Had we been remotely inclined to listen to its detractors’ bleating in the run-up to the event, the London Bass Guitar Show 2015 was going to be The One The Biggest Manufacturers Did Not Bother Attending and The One Where The Noise Is So Bad You Can’t Hear Yourself Thinking, Let Alone Playing Bass and so, as a consequence, The One With No Ticket Sales. How wrong can you be?
I’ve got news both for those detractors and for The Biggest Manufacturers Who Did Not Attend – the show did incredibly well, even without you. The punters (the real, supportive ones) kept thronging in throughout the weekend, most stands were swamped with visitors most of the time, and I’ve got the photos to prove it.
The Shows Within The Show
As every year, this time too we were treated to some amazing – and amazingly inspirational – masterclasses in the conference room, and some great performances in the auditorium and at the stands.
When I’m forced by the timetable to choose whether to attend a performance or a masterclass, I tend to favour the latter, as I find it gives us a more intimate and insightful experience. Every year the show has allowed me to see at least one of my lifelong idols. The stars talk about themselves, their beginnings, dreams, aspirations, and triumphs, and give us good advice. At the end of their talks we can walk up to them, shake their hands, chat with them and comment on what they’ve just told us. This experience alone is worth the entrance fee to the show.
On Saturday I started with Steve Lawson and his mesmerising use of pedal effects. He was later joined on stage by Ruth Goller.
The next masterclass I made it to was by one of my idols, Billy Sheehan. What can I say? Awesome, inspirational, and also very approachable.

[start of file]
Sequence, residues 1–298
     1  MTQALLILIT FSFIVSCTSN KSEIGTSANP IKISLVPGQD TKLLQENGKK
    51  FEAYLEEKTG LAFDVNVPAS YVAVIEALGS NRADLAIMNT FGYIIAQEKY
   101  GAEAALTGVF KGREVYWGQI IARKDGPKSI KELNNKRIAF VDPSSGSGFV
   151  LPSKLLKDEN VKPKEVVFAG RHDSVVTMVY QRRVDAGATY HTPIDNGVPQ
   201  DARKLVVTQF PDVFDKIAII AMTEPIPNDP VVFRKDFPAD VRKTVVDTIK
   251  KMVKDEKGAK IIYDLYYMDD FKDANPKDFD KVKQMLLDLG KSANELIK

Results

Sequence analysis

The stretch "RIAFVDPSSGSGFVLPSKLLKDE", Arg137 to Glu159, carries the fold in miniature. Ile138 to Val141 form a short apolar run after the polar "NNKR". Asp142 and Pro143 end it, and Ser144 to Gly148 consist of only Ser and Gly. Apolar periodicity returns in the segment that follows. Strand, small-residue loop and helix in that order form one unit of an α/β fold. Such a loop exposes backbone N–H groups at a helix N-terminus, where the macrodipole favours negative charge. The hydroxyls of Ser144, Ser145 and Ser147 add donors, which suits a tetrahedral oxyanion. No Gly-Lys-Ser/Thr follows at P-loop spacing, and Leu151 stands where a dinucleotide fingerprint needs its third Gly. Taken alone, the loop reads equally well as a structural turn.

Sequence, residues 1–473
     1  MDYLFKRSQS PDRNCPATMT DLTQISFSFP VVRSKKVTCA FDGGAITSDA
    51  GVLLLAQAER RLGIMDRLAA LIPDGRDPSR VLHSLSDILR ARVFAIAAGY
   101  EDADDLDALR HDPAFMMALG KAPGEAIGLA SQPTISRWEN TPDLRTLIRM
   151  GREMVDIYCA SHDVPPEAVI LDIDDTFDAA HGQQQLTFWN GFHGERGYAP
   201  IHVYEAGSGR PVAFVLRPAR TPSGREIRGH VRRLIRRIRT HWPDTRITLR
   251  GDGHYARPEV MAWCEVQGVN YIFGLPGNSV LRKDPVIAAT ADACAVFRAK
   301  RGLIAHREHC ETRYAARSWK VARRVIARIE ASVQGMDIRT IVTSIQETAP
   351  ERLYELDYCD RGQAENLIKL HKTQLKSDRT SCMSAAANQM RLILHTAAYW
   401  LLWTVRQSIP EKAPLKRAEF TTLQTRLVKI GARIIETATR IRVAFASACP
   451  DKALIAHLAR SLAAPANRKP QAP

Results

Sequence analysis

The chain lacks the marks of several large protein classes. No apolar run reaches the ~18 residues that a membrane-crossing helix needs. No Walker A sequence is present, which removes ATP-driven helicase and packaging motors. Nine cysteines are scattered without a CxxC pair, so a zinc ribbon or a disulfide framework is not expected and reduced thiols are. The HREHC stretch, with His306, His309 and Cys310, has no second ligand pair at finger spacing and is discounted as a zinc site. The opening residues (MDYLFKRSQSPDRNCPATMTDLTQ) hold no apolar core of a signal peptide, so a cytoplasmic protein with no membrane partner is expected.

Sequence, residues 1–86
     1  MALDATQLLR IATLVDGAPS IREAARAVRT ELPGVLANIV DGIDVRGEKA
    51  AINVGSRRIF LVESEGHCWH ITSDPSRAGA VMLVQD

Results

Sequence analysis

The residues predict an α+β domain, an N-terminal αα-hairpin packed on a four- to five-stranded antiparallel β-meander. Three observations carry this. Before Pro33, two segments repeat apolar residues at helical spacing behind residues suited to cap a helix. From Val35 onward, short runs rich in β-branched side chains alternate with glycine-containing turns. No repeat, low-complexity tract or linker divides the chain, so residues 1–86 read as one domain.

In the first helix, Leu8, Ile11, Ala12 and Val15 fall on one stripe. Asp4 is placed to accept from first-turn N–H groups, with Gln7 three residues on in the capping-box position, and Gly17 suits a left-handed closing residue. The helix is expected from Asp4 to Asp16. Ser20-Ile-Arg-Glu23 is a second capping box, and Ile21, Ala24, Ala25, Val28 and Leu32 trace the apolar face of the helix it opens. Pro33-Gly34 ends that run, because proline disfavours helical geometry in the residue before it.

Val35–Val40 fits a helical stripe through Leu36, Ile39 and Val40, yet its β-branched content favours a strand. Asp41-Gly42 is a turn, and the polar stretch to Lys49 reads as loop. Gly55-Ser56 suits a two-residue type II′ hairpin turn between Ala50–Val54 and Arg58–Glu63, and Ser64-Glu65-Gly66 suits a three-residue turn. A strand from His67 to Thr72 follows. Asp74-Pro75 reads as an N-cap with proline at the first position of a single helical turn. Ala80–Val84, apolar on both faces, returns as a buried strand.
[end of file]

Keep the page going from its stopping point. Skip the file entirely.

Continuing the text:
I also managed to catch Jah Wobble’s class, and was very happy I did, as I didn’t know much about him before now.
On Sunday I did my best to catch at least some of the performances or masterclasses I had missed the day before. Unfortunately the performance by Mark King which I had to miss on Saturday wasn’t repeated on Sunday; however, I saw Yolanda Charles with her band, in the auditorium, after attending the first half of Divinity Roxx’s masterclass.
Another masterclass I initially attended out of sheer curiosity was Lee Rocker’s. I thought I might have a quick look and then move on, and instead I ended up not just staying the whole time, but also loving every second, tapping my foot and bopping like mad to his fantastic rockabilly double bass playing. I’m a fan now!
The masterclass/performance schedule was very tight, but luckily I could enjoy Lee’s talk in its entirety before moving to the next one – I wasn’t prepared to miss Stuart Hamm’s performance for anything in the world. He has been at the show in the past, and has always wowed me not just with his sheer chops and talent but also with his infectious love of bass playing and good advice. This time it was no different!
This year I had to miss seeing Doug Wimbish and Ethan Farmer – I’m determined to catch them next time they’re in town.
The Basschat Connection
Although this year Basschat didn’t have a stand or a table of its own, I managed to meet up with a few fellow Basschatters who spotted me walking around with my Basschat lanyard round my neck (in addition to the press pass kindly provided by Blaze Publishing), and carrying two cameras. I even managed to take photos of some of them.
There are a number of fellow Basschatters I didn’t get round to taking a photo of, either because we met in a queue for a masterclass or performance, or because we were simply sitting and relaxing for a moment. Shout out to Wolverinebass; Verb; Tom Kent, Born to be Mild, Vic and Molan who were working at the Bassgear stand; jeanmarinoe; Sibob; Iamtheelvy; Kees; Marcin (Such); Stuart; Alex and Max (the Italian Connection 😉 )… any others, please do let me know if I forgot to mention you!
And this is yours truly in a photo by Seashell 🙂
The Exhibitors’ Stands
Even without “those” big names, the list was impressive and the GAS high! These are in alphabetical order.
I only started playing bass later in life, and I have chosen to do it just for my own enjoyment, without joining a band or playing live.
I am a contributor to Bass Guitar Magazine and a moderator on Basschat, Europe’s largest online discussion forum for electric and double bass players.